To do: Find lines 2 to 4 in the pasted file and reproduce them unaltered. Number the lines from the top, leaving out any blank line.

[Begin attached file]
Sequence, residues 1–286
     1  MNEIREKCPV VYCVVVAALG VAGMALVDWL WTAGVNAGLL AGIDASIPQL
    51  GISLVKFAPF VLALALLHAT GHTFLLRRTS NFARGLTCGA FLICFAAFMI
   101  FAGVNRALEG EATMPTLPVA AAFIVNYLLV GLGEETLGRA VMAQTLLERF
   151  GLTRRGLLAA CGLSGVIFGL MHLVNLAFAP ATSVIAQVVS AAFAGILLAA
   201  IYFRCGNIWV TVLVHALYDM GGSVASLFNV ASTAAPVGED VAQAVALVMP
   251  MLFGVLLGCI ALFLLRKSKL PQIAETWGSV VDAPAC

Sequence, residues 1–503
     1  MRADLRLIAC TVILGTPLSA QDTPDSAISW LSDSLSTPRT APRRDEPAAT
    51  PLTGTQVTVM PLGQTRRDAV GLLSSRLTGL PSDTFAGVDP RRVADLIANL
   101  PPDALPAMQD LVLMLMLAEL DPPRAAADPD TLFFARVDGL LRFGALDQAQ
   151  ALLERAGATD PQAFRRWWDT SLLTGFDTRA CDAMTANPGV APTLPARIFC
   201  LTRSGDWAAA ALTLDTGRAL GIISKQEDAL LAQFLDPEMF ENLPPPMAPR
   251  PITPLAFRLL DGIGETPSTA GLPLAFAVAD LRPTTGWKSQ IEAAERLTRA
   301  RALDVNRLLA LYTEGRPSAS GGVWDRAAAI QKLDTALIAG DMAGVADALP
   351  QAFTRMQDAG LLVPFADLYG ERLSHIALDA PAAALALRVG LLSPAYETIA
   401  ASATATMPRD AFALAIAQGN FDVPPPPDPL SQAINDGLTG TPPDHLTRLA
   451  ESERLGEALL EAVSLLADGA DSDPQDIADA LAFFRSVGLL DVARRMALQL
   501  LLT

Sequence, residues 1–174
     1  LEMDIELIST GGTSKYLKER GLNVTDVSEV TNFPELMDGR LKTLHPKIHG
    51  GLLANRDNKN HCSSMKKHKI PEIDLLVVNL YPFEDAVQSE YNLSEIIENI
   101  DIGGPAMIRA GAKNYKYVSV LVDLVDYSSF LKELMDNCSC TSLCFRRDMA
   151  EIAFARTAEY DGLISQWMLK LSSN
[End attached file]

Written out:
     1  MNEIREKCPV VYCVVVAALG VAGMALVDWL WTAGVNAGLL AGIDASIPQL
    51  GISLVKFAPF VLALALLHAT GHTFLLRRTS NFARGLTCGA FLICFAAFMI
   101  FAGVNRALEG EATMPTLPVA AAFIVNYLLV GLGEETLGRA VMAQTLLERF